Tuesday, March 30, 2010

Feast Fit for a Student

Who would have thought that the major achievement of my first week in Peru would be to put on a bit of weight?

A long and disorienting flight, the aforementioned brutal headache, a fifteen-hour bus ride to Arequipa; then, after just one day settling in, a 2am start, and three days in the Colca Valley: these are the kind of things that mean travel tends to make me skinnier. But in the last week, their cumulative effects have been firmly counteracted.

When I got to Arequipa, my first action was to flick some emails to the best and most helpful contacts that I made last year, asking them when would be a good time to stop by for a chat. The response from Alejandro, the director of the tourism programme at the Universidad Nacional de San Agustín, was almost immediate. He wouldn't be in the office because he was heading off to the Colca for the next couple of days with a couple of assistants, to do a survey commissioned by a university from Lima. I was welcome to join them.

At first it seemed as if Alejandro was going to be able to get a 4WD, but then he sent another message to say they were leaving on the 3:30 am public bus to Chivay. This was a good opportunity to make a start on some research-like activity, so despite my trepidation about the schedule, I hastened down to the bus station to get myself a ticket,

This meant I had to be "up" by 2:30am. This is almost the worst time of all to have a commitment. Too late to stay up for, too early to really get any sleep. Lingering in a sleep-like state from about 11:30pm, I dragged myself out of bed and down to the bus station, where I met Alejandro and his assistants Juan Carlos and Sharon. Bleary-eyed, we climbed aboard and braved the 3 hours to Chivay, including the nasty stretch between Vizcachani and Patapampa. This is a suspension-shuddering piece of highway that I'm told is due to a failed attempt at paving in around 2005, subject of dark rumours about poor materials and a kickback-deflated budget.

The good news was that our accommodation in Chivay was in a comfortable mid-range hotel with (sometimes) hot water, and, even better, we had access to the lunch buffet at a restaurant owned by the same woman as the hotel. My trips to the Peruvian sierra have usually meant lots of walking at altitude and meals of soup, potatoes and legumes. I come back lean and maybe a little stronger.

Not this time. Instead, fine cuts of meat, cheesy vegetable pie, and cake with mango soufflé were my repast. At lunch, I manfully lived up to Alejandro's expectation that we would all make five trips to the buffet table. This included a la carte service of soup and a main course: on Sunday all four of us chose what the menu charmingly, and sincerely, described as Alpaca Gordon Blue.

Task-wise, we spent Friday, Saturday, and part of Sunday surveying the hotels and restaurants of the Colca Valley, grappling with survey questions established in Lima that were for the most part totally inappropriate for the largely informal and family-run businesses of the area.On Friday we jolted and bounced in an ancient taxi all the way to Cabanaconde, where I made a surprise visit to Lizbeth's family at the Valle del Fuego. On Saturday we "did" Chivay, went out for a couple of drinks, and at first enjoyed and then gritted our teeth at a concert across the road from our hotel featuring huayno singer Gisela Lavado (think Sonia Morales without the tuneful voice and melodic variety) which continued until 4:30 am. On Sunday, we took a more modern car to Yanque -- perhaps the most orderly and pretty of the villages in the Colca Valley -- and then to peaceful and sunny Coporaque, where the oldest chapel in the valley sits on Collagua foundations and a statue honours the Inca Mayta Capac, who formalized the area's subjection to the empire via marriage of one of his generals to the daughter of the local cacique.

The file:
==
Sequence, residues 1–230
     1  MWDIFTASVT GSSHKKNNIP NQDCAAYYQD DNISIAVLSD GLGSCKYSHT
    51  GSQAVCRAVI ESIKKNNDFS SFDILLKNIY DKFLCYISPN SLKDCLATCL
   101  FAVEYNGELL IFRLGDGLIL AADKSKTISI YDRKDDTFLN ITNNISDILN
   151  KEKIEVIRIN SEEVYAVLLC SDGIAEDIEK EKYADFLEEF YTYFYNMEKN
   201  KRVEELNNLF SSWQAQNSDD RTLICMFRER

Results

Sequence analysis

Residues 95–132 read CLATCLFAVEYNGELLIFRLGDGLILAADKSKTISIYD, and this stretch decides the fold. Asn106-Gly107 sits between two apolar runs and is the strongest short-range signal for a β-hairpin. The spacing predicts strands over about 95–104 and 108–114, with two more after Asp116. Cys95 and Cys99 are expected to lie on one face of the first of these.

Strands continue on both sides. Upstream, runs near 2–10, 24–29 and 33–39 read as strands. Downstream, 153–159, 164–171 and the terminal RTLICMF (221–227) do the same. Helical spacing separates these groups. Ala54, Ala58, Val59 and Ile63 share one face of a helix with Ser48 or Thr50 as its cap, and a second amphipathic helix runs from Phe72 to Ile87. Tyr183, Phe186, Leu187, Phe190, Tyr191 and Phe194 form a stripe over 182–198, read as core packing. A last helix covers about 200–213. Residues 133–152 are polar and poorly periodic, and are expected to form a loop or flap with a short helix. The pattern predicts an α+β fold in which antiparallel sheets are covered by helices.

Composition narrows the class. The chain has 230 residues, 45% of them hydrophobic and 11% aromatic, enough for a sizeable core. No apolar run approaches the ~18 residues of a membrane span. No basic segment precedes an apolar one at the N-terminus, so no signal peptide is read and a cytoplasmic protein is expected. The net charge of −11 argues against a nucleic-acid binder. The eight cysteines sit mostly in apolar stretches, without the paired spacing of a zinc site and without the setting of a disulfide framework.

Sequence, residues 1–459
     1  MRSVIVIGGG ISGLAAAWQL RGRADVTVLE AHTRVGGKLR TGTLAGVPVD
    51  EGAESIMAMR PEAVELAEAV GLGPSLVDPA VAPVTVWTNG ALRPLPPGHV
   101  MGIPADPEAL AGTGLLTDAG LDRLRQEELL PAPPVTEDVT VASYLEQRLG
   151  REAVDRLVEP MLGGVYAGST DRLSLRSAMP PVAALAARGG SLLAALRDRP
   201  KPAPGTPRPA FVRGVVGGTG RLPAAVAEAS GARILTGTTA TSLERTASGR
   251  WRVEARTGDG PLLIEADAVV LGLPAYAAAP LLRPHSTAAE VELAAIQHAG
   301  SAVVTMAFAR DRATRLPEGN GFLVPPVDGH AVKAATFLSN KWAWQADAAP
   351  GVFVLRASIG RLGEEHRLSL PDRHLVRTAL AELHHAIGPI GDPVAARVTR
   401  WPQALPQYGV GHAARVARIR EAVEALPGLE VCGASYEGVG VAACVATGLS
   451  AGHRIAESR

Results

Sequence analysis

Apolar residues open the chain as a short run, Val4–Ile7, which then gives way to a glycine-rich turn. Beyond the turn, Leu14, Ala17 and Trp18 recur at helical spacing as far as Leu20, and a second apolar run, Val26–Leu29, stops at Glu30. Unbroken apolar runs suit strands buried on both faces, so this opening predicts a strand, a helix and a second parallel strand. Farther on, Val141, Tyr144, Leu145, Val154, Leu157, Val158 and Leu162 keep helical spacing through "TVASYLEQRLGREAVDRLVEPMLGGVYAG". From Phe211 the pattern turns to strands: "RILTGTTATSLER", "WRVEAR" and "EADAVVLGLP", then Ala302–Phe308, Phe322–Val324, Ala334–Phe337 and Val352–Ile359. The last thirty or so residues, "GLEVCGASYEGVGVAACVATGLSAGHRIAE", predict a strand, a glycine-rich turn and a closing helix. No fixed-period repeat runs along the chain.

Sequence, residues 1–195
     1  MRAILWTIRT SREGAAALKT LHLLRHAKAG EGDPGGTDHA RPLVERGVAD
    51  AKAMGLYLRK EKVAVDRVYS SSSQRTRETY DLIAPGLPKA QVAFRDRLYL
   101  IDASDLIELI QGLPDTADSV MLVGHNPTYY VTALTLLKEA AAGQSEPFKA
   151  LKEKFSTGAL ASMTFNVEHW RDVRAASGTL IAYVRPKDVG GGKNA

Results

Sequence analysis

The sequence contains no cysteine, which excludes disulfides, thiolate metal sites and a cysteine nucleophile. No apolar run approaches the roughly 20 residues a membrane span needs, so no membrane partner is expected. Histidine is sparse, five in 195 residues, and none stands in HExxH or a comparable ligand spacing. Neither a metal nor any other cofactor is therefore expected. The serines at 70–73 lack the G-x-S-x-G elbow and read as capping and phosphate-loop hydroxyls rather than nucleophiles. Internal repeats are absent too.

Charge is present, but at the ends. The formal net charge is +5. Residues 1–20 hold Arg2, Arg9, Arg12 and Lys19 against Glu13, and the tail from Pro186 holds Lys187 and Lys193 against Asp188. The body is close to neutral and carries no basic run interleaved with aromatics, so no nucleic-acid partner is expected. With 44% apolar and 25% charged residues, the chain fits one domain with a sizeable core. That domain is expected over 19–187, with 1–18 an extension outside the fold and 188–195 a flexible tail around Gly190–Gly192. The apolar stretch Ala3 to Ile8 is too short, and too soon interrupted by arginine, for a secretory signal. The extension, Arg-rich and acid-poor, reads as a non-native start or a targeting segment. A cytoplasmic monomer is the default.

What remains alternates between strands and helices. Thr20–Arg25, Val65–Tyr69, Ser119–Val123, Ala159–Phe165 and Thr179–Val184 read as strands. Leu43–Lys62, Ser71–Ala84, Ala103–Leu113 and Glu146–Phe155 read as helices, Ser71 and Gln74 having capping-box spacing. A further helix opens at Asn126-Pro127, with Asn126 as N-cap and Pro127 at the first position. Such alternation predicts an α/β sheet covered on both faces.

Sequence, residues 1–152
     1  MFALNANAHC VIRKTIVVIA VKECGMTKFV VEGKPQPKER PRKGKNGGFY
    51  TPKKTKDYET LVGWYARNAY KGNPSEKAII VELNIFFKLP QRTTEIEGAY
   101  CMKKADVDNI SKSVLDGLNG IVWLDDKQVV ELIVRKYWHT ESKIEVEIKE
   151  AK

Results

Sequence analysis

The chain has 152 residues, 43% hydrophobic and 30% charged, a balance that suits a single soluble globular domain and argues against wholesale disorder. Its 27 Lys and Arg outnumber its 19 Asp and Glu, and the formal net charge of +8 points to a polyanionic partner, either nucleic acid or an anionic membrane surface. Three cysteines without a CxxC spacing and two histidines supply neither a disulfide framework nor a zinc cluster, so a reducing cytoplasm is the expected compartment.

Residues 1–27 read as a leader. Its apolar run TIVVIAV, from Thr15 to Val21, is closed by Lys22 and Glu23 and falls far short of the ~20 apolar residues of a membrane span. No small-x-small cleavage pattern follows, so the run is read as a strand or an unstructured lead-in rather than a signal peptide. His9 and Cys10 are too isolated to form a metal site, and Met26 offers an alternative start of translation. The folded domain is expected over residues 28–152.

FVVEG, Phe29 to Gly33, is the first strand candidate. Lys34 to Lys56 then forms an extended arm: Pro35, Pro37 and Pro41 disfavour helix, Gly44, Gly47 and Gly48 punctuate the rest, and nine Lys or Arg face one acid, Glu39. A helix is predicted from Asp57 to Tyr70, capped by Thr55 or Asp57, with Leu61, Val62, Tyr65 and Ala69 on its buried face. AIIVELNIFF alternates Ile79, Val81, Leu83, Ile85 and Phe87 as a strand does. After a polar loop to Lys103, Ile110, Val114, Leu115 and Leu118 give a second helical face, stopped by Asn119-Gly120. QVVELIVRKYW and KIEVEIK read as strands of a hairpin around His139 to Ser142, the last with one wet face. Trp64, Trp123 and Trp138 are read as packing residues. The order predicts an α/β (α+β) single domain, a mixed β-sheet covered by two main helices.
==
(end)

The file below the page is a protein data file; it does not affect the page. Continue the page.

Then it was back to Chivay for another stomach-bursting buffet lunch and the tiring ride back to Arequipa, with a delay due to a horrible-looking bus vs. 4WD accident that had recently occurred near Yura.

I got back to Arequipa last night and have been looking after the downstairs because Lizbeth has taken Gerardo to Lima for some dental attention and is meeting Hugo there.

This should involve me fending for myself, getting by on bread, cheese, yoghurt and coffee, and maybe frying an egg or two. However, no sooner had I arrived back last evening than the señora Gloria presented me with "my lunch" -- a large plate of chicken and rice. I had barely recovered from the four rounds of the buffet table in Chivay. This morning, when I had already eaten breakfast, Hugo's sister-in-law Erica appeared to announce that "my breakfast" was upstairs. I could hardly refuse. This afternoon, just as I was about to head out to get a sandwich in town, Hugo's niece Lia appeared with a plate of battered beef, tamales and rice sent down by her mother Vivian.

This was of course lovely of all of them, and I offered my sincere thanks. But the thing is, I don't think this was just good will. Rather, my presence in the house, combined with the absence of Lizbeth or any appropriate domestic employee, created an anomaly that cultural logic just could not allow. It seems a truth universally acknowledged that a single man in Peru must be in want of a meal.


Susan said...

Laughed and laughed about this. No doubt there will be lean times ahead. make the most of it! Brian is printing off your blogs for Gran - keeping them all entertained so that's great.

Susan said...

And I meant to say I appreciated your nod to Jane Austen!

nicol said...


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